As weird and funny as it may sound, Ubuntu isn’t able to play sounds on my laptop‘s 3.5mm headphone jack. Yes, the gentle, innocuous, innocent headphone jack that we all love and use. And mine’s not even a super-fancy laptop with uncommon hardware. It’s a Dell Inspiron 7000 series laptop with an Intel chipset. How more commonplace can things get than this?
After fiddling around for quite a bit, I was finally able to get it to work. I guess the issue has something to do with (the notorious?) PulseAudio.
Next, open the app from either command line (hdajackretask) or menu. Here’s my overriden configuration for reference (headphone, right side):
Hit Apply Now, and boom! Headphones are finally working. It’s important to note that this is not a silver bullet that will fix all jack-related sound issues. It just so happened in my case that retasking was necessary. I have to do it every time I plug in my headphones (even with the boot override installed). Weirdo, I know, but at least it works.
You may receive this error when you apply the overrides. I guess it’s totally fine to ignore it. It’s probably because of a restart of pulseaudio system. Things work despite the error.
Feels to weird that it’s 2020 and such retasking has to be done manually!
Note that getting my Bluetooth audio devices to work – especially my AirPods – remains a pain in the you-know-what.
There are tens of thousands of blogs, articles and forum threads out there on containerizing a Node.js application. We have everything from outright bad advices to informed and tested opinions. This short post is about a very specific aspect of Dockerinzing a Node app, something that is usually not addressed or given as an after-thought in these articles.
Once you have a Node app up and running in Docker, things are well until you – like all good developers – start adding or removing NPM packages. Nasty things happen, such as:
packages get installed on your local (host) filesystem but are not available inside the container
packages get installed on your container’s filesystem but are not available on your local
there’s a mismatch between versions of the same package in host and container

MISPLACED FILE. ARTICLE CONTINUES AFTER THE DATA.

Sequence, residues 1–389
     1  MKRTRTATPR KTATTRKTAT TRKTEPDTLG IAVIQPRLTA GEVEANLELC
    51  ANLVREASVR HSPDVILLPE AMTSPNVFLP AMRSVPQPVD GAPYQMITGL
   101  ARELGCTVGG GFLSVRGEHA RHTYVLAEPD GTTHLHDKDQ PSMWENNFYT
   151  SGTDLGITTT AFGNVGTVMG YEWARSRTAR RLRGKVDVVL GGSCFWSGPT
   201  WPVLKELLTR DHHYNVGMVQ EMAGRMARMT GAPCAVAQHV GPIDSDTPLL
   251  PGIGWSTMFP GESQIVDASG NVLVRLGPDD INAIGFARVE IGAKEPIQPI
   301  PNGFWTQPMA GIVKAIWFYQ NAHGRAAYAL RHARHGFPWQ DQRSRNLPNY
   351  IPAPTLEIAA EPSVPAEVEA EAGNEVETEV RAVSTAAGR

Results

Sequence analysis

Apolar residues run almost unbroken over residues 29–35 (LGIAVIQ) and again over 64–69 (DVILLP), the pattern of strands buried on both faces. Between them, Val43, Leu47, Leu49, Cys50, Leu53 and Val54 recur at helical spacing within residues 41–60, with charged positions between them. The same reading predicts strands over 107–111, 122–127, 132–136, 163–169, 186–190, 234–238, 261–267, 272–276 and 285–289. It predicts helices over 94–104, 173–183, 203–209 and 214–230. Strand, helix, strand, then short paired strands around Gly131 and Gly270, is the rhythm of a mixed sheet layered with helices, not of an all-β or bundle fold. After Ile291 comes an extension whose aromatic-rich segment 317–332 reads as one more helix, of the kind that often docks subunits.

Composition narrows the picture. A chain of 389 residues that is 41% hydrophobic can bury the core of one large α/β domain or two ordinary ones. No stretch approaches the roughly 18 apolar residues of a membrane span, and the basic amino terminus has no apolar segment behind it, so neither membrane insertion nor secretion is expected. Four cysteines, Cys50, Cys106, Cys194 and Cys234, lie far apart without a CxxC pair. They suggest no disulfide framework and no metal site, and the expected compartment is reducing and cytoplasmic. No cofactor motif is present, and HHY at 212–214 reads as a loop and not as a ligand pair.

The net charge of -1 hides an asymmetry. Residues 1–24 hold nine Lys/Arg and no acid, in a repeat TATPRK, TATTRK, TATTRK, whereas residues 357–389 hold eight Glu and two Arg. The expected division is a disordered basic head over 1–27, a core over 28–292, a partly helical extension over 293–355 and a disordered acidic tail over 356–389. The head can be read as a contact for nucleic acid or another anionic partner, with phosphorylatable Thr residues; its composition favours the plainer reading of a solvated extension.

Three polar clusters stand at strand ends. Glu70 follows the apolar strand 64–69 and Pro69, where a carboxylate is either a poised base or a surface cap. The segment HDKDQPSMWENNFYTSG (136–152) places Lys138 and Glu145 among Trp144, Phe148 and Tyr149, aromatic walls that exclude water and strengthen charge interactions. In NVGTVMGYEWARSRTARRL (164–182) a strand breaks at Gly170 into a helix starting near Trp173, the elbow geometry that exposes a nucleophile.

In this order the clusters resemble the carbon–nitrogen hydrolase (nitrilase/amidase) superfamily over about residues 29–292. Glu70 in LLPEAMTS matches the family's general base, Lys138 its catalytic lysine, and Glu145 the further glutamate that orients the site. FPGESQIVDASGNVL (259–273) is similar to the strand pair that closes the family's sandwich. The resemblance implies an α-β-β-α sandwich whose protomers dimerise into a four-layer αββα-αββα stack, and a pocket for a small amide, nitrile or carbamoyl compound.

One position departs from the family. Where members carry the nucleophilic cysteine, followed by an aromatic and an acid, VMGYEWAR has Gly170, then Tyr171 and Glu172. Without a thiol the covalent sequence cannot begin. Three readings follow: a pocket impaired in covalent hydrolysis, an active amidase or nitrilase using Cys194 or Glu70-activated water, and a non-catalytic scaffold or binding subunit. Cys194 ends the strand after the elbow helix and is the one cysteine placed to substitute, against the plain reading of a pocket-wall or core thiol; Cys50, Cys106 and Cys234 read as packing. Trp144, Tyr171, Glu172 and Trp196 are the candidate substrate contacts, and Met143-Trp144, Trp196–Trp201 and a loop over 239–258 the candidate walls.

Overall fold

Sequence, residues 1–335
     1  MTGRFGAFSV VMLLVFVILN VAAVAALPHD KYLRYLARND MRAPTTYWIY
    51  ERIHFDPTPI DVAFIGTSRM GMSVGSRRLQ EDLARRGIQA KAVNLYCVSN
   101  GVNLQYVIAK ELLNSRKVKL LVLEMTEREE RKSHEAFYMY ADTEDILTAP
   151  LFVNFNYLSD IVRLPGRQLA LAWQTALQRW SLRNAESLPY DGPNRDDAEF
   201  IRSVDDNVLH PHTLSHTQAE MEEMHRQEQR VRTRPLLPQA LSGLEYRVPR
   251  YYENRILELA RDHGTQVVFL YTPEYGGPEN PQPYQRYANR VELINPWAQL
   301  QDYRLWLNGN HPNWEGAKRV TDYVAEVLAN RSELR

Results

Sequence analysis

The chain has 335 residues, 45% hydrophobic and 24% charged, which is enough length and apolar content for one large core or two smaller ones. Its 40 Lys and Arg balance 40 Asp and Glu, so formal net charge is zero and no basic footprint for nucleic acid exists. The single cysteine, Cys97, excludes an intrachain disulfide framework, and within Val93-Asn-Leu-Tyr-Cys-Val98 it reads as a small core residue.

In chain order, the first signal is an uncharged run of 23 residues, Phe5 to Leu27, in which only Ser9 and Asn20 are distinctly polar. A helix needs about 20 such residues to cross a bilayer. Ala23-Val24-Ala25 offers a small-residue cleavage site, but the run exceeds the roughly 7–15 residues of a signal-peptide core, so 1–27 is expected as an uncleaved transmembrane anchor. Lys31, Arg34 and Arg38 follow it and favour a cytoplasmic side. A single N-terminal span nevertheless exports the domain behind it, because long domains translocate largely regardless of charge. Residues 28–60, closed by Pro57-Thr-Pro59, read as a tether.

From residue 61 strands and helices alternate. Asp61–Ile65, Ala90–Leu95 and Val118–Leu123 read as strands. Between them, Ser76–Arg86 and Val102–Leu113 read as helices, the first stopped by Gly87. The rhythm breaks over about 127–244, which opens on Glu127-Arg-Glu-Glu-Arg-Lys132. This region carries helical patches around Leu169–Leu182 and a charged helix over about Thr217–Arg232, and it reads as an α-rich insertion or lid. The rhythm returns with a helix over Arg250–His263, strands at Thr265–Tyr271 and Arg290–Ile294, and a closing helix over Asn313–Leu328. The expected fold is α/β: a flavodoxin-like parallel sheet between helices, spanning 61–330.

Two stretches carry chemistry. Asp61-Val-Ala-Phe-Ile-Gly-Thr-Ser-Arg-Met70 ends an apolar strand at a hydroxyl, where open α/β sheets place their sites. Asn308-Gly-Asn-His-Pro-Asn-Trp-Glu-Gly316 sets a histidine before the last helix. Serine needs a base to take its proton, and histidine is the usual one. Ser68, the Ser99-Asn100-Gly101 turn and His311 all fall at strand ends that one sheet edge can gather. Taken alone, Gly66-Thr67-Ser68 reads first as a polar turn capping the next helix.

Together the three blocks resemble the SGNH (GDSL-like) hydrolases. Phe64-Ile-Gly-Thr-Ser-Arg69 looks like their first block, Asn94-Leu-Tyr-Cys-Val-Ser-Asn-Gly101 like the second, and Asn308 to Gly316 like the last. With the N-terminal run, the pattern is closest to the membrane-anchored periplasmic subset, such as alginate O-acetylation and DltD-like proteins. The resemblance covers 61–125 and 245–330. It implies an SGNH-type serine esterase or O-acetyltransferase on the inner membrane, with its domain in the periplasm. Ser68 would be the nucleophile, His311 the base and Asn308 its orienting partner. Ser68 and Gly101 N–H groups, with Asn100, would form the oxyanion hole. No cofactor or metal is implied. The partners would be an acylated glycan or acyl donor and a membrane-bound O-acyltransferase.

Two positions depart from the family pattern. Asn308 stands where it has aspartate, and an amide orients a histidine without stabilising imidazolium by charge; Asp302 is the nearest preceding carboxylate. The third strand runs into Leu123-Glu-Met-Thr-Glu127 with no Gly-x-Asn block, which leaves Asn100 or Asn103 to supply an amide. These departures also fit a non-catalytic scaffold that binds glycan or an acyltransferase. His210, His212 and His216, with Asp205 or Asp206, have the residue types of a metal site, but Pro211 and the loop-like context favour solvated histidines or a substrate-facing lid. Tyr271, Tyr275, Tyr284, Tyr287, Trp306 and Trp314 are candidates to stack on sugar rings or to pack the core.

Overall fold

permission issues while installing or removing packages
All these can be solved by correctly using Docker volumes. A volume is basically a way to make parts of container’s filesystem available to host and vice-versa. Not understanding volumes properly may also lead to one of the issues listed above.
As noted in the stackoverflow answer cited in the commit:
When docker builds the image, the node_modules directory is created within the worker app directory, and all the dependencies are installed there. Then on runtime the worker app directory from outside docker is mounted into the docker instance (which does not have the installed node_modules), hiding the node_modules you just installed. You can verify this by removing the mounted volume from your docker-compose.yml.
This is a powerful thing to remember. Once you know how volumes work, you’ll be able to better troubleshoot your Node app when things are wrong. For example, when I recently installed a new NPM package in my local I knew I had to do something like this to make it available inside the container as well:
Why didn’t I just mount my host node_modules to container’s node_modules? Here’s the explanation:
An alternative approach is to mount host node_modules as a volume in container, but that will override container’s own node_modules folder with host’s. Keeping things independent allows for cleaner and easier troubleshooting of installed/missing packages.
This the approach I prefer, which of course is not certified gold. I works for me well. Besides, yarn installing packages each time container comes up does so incrementally (only new packages are fetched and installed). A win-win 🙂
Deno v1 is here, and so is my experiment. Unlike my usual first programs, this one is a bit better than a pure “Hello, world”. So not only it is a meaningful program (does not literally print out “hello world”), it also has data models, unit tests and CI integration (Travis).
From its documentation:
A super-simple Deno app that pulls (from an API) national COVID-19 stats for India, and displays the total count of people who have recovered from the disease till yesterday.
What else did you expect? Let’s spread some positivity in tough times!
Check it out here and let me know your thoughts (if you exist):
I frequently create APIs for muse/professional apps, and every time I find myself scrambling to pick the best pieces from my previously built APIs or online repositories.
To streamline this, I recently created this reference kit (mostly for myself) to help me in writing a production-grade Express-based API from scratch. Sharing with this group in hopes that my fellow XTians will benefit from it when writing their own RESTful APIs.
As noted in the docs:
This is NOT a starter template. The purpose of this repository is to provide reference code to anyone looking to create a beautiful, secure and well-tested Node/Express-based API from scratch.
Creating from scratch has the invaluable benefit of learning while doing. Most likely, there will be struggle which will make you better. You will know by heart all parts under the hood and exactly how they interact with each other. Basing your project off of a starter kit takes that away from you. Hence the need for a reference kit (or refkit, as I like to call it).
If you are experienced in Express, feel free to open pull requests to add improvements.